#math trivia for #February15: 46 is a nontrivial (multi-digit) palindrome in base 4 (46 = 232 base 4) and which four other bases?

— Burt Kaliski Jr. (@modulomathy) February 15, 2012

A positive integer *x* can be expressed in any base *b* ≥ 2 as a sum of weighted powers

*x* = *d*_{k-1} *b*_{k-1} + *d*_{k-2} *b*_{k-2} + … + *d*_{1} *b* + *d*_{0}

where *k*, the number of coefficients, is a positive integer; the leading coefficient *d*_{k-1} is at least 1; and the remaining coefficients *d*_{k-2}, …, *d*_{0} are between 0 and *b*-1. (Base 1 is special, and will be covered later.) The *k* coefficients form the digits of the base-*b* representation, and we write:

*x* = (*d*_{k-1} *d*_{k-2} … *d*_{1} *d*_{0})_{b}

(the subscript outside the parentheses denotes “base *b*“).

In base 10, we have the familiar expression

46 = 4*10 + 6 = 46_{10}

Here, *b* = 10, *k* = 2, *d*_{1} = 4, and *d*_{0} = 6.

The same integer may be expressed base 4 as:

46 = 2*4^{2} + 3*4 + 2 = 232_{4 };

in this case *b* = 4, *k* = 3, *d*_{2} = 2, *d*_{1} = 3, and *d*_{0} = 2. The base-4 representation 23_{24} is a **palindrome**: the same string forward and backwards.

The problem asks for which other bases *b* the representation of the decimal number 46 is a palindrome.

It is easy to see that if *b* ≥ 46, then the representation is always a palindrome. For such bases, the representation has only one digit, i.e., *k* = 1, and the digit *d*_{0} = 46. A one-digit string is clearly the same forward and backwards. Such palindromes are excluded from the solution because they are “trivial”: no special construction is required.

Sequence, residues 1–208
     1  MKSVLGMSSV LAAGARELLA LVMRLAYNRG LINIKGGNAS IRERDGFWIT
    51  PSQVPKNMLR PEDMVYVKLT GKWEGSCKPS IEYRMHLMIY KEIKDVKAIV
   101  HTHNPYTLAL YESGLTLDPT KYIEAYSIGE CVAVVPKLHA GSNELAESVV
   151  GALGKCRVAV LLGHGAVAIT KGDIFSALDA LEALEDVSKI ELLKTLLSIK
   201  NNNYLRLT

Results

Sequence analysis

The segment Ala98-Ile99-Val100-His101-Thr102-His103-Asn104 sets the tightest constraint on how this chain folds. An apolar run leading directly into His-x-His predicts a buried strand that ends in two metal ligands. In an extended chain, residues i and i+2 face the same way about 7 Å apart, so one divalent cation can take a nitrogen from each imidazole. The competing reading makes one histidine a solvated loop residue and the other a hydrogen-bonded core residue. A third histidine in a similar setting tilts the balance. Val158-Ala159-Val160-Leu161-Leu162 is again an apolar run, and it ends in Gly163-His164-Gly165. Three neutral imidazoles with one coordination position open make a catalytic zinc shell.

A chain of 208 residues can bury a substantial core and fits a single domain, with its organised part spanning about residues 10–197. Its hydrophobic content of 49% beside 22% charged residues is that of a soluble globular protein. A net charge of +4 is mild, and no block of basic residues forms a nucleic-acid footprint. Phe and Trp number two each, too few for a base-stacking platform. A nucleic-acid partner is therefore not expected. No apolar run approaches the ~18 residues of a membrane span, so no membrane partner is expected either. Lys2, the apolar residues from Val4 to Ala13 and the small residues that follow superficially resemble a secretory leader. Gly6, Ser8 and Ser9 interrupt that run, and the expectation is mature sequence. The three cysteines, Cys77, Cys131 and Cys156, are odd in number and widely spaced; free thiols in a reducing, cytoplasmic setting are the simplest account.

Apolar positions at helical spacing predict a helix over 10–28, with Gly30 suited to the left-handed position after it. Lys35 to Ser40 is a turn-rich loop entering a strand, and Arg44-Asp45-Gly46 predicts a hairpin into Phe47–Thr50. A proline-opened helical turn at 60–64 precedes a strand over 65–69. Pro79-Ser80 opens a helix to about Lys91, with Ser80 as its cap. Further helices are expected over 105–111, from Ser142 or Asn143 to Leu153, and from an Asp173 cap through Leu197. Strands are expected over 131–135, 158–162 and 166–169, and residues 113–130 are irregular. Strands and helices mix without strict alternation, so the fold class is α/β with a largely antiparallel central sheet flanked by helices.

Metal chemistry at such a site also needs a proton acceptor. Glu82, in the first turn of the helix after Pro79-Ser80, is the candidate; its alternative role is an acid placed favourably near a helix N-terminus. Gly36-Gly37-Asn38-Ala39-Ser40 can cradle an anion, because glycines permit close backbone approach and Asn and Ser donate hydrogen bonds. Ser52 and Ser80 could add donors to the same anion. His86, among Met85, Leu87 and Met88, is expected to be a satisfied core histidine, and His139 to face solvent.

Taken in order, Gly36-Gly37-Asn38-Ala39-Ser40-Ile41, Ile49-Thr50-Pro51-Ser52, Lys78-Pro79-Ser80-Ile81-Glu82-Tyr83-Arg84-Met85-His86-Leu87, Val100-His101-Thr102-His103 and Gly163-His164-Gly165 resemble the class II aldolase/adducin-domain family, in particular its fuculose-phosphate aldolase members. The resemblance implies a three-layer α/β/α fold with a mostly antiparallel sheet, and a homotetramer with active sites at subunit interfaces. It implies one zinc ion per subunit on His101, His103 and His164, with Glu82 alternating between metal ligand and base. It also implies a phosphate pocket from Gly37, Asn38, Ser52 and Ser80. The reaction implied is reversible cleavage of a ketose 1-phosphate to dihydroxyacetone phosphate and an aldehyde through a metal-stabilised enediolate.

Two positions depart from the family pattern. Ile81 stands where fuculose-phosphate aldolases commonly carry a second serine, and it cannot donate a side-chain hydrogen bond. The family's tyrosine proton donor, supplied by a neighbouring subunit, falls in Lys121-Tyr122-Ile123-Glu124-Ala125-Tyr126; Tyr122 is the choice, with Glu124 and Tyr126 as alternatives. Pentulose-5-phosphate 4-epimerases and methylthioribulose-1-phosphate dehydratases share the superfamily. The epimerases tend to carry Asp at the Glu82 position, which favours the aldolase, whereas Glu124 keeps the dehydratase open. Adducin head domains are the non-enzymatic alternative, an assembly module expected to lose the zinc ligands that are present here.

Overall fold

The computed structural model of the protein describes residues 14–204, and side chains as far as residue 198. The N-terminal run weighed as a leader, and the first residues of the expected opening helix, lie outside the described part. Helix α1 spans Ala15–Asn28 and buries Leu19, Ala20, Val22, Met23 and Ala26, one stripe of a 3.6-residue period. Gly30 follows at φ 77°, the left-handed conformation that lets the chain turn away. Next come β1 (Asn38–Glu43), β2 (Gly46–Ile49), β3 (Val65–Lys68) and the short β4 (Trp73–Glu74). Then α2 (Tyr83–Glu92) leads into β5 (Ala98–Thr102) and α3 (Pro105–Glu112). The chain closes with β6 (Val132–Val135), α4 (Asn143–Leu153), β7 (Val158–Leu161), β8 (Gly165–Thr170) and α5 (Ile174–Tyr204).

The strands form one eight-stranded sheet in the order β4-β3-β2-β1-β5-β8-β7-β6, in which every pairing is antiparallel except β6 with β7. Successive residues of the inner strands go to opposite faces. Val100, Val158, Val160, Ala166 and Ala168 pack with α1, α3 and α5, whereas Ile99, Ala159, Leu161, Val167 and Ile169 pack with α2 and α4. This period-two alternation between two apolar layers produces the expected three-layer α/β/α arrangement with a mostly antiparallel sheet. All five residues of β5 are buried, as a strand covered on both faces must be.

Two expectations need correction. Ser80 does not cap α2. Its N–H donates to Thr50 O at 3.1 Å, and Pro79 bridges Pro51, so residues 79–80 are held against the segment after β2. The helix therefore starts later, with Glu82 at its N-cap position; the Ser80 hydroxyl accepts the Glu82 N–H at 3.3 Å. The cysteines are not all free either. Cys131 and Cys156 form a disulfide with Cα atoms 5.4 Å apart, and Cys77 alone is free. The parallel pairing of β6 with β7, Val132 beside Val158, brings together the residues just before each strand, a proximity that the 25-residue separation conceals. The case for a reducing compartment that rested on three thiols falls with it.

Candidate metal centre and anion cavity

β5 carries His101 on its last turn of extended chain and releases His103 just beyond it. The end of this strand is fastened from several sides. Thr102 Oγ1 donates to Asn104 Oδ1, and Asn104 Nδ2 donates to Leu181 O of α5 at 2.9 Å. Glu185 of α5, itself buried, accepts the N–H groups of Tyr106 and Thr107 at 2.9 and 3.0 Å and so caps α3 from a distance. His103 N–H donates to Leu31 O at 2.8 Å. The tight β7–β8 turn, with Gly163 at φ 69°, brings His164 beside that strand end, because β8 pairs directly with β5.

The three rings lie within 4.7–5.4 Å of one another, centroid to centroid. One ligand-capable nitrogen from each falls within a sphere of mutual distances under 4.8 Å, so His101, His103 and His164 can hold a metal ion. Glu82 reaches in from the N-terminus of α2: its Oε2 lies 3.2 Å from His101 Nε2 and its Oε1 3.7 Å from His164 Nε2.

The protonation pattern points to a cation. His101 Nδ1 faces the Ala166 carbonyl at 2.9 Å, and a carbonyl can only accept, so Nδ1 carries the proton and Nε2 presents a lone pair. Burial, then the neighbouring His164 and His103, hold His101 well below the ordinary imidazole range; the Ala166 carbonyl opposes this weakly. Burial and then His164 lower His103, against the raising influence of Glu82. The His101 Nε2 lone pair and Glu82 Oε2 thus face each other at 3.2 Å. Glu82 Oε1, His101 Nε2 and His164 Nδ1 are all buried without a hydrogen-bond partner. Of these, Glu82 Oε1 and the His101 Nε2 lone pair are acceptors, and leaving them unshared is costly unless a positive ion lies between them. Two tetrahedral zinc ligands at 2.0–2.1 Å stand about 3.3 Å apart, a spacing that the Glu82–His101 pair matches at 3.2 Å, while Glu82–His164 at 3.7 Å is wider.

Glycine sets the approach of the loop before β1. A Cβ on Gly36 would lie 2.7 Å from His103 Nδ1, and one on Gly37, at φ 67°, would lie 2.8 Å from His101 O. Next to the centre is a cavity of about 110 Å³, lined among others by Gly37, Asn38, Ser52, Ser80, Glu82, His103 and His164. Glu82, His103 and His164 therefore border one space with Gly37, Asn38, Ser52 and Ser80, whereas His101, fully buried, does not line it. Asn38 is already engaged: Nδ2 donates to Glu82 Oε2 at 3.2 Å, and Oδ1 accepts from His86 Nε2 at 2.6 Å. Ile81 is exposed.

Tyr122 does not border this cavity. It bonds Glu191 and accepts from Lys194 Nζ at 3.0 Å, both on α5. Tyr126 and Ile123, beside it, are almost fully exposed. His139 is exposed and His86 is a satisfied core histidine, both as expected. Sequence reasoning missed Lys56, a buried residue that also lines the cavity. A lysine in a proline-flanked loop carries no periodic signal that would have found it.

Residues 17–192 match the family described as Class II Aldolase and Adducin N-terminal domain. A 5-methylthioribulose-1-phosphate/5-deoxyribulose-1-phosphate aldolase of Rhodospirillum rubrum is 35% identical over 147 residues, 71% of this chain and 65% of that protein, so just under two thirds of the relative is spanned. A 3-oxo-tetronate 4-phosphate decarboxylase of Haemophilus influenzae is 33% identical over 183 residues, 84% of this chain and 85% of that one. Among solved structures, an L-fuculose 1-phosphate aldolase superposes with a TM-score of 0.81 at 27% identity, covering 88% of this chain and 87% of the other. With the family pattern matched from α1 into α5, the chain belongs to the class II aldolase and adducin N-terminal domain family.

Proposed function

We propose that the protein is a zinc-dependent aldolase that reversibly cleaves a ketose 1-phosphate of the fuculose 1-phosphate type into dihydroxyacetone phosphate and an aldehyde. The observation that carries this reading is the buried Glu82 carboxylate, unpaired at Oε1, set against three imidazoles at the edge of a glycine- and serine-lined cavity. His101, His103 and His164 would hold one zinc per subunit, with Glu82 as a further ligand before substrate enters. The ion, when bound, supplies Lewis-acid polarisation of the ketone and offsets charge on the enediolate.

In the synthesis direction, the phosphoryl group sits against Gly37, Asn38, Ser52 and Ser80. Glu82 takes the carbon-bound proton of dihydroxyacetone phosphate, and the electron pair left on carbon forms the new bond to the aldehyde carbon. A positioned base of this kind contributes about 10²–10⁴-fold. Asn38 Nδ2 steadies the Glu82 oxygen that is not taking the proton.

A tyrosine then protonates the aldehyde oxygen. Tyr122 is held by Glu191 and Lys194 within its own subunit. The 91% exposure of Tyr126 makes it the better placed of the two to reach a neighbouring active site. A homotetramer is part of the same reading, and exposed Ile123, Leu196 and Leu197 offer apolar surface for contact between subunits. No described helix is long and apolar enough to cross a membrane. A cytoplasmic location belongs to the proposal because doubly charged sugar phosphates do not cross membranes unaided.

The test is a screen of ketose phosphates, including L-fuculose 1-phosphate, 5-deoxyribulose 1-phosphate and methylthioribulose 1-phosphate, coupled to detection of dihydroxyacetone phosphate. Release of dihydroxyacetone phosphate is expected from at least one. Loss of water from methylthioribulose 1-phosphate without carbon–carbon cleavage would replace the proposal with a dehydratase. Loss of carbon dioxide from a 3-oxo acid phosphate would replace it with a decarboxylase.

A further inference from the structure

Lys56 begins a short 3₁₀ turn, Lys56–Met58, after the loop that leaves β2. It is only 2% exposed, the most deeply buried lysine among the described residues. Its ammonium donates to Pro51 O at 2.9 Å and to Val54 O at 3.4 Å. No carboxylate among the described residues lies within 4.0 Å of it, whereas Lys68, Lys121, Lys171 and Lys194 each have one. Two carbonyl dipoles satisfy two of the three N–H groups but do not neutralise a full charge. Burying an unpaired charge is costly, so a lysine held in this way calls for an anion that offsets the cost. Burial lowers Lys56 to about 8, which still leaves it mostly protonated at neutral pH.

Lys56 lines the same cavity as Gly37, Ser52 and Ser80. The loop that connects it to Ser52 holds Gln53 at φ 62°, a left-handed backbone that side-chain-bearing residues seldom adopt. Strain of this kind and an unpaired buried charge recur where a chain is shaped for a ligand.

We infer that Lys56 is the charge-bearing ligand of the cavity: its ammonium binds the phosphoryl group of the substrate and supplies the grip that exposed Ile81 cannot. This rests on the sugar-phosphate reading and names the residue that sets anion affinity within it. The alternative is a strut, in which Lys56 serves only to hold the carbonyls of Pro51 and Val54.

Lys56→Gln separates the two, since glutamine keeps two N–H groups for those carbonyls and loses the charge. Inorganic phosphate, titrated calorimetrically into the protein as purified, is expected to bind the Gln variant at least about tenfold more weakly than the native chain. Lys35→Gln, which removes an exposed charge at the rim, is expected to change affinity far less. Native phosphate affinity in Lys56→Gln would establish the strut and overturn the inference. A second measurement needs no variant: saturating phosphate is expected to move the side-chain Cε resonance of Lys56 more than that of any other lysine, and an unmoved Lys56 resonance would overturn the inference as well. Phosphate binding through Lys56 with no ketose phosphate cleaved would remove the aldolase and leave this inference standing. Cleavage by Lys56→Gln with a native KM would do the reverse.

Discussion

The other four bases must thus fall between 1 and 46.

Trial and error is probably the easiest way to get the solution, which has many unknowns (base, number of digits, digit values), as well as constraints on the digit values. But we can do a little reasoning to simplify the search. First, consider two-digit representations; for these we need *b* ≥ 7. A solution will thus involve a repeated pair of digits, so we’ll have

*d***b* + *d* = 46

for some digit *d* between 1 and *b*. Factoring out the d gives

*d**(*b*+1) = 46

so we must have *d* = 1 and *b* = 45, or *d* = 2 and *b* = 22. (The other possible values of *b* are too small.)

Two solutions so far: 11_{45} and 22_{22}.

The rest we can get by trial and error counting down from base 6 to base 1.

- Base 6: 46 = 1*36 + 1*6 + 4 — no
- Base 5: 46 = 1*25 + 4*5 + 1 — yes
- Base 4: 46 = 2*16 + 3*4 + 2 — in problem statement
- Base 3: 46 = 1*27 + 2*9 + 0*3 + 1 — no
- Base 2: 46 = 1*32 + 0*16 + 1*8 + 1*4 + 1*2 + 0 — no

A third solution: 141_{5}.

The final base is a tricky one, because by the definitions above, the digits in base 1 would always be 0! However, base 1, or **unary notation, **has a** **special provision: the digits are always 1. The number of digits thus equals the value being represented, and given that the digits are all one, the representation is the same forward and backwards: a palindrome.

The fourth solution: 1111111111111111111111111111111111111111111111_{1}. (46 ones digits in all.)

Summarizing: The four bases are 45, 22, 5 and 1.

*A note on representations:* To represent a value in a base greater than 10, we need a way to represent digits greater than 9. In base 16, for instance, the digits 10 through 15 are typically represented as letters a through f; 46 would be represented as 2e_{16}. Other bases, though less common in practice, can similarly use letters, and this works fine until base 36, after which we’ll need more than a through z.

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